Wisdom on Wednesdays—The triumph of hopelessness

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St. Isaac Jogues, oil on canvas.

“Those who think entirely in terms of the world succeed at success.  They can never succeed at failure.  But Christianity is the Religion of Failure.  It is the triumph of hopelessness.”  (1928)

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Wisdom on Wednesdays—The Hope

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Noli me tangere (Christ appearing to Mary Magdalene after the Resurrection), woodblock print, 1920, 8¾ x 5 in.

“Christianity in the first 500 years of its existence was known as ‘The Love’ in much the same way as it is known in our day as ‘The Faith.’  It died as love and resurrected as faith as it is dying today as faith and is resurrected as a hope.”  (1941)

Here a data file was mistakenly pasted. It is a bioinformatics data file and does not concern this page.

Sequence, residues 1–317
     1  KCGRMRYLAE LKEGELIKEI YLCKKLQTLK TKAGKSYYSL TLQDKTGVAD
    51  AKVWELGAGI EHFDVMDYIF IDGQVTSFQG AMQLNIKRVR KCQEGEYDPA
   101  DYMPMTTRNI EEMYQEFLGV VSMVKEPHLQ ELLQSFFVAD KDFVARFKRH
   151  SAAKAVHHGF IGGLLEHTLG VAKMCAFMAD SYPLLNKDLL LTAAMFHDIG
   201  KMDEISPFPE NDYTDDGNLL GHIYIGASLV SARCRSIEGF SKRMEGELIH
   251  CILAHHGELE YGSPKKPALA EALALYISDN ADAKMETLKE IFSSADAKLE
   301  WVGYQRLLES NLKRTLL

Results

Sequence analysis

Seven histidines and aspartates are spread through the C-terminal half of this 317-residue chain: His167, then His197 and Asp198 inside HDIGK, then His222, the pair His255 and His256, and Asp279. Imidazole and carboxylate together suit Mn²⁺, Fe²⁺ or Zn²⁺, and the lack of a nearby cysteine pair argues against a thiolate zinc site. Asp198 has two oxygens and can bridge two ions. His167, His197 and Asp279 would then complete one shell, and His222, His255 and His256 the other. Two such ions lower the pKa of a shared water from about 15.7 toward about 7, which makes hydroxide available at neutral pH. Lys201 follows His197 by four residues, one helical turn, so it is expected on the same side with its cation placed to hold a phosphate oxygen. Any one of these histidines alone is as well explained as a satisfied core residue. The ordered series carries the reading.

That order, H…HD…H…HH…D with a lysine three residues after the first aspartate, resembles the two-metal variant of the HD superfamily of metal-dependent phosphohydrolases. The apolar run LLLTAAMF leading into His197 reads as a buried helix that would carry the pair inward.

Wisdom on Wednesdays—As near despair and madness as possible

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St. Paul the Hermit, oil on canvas, c. 1922, 30 x 25 in. (Private collection)
Schmitt’s depiction of St. Paul of Thebes (d. c. 341) being fed miraculously by a raven was probably inspired by a painting of the saint by the great seventeenth-century Spanish artist Velázquez. The enigmatic figure on the foreground is Schmitt’s own contribution.
A version of this painting in brighter colors is part of the Carl Schmitt Foundation’s collection.

“To come as near despair as possible without losing hope—that is the aim of a Christian.
“To come as near madness as possible without losing sanity—(that is, to be as fanatical as possible without losing idiocy) is the aim of an artist.”  (1932)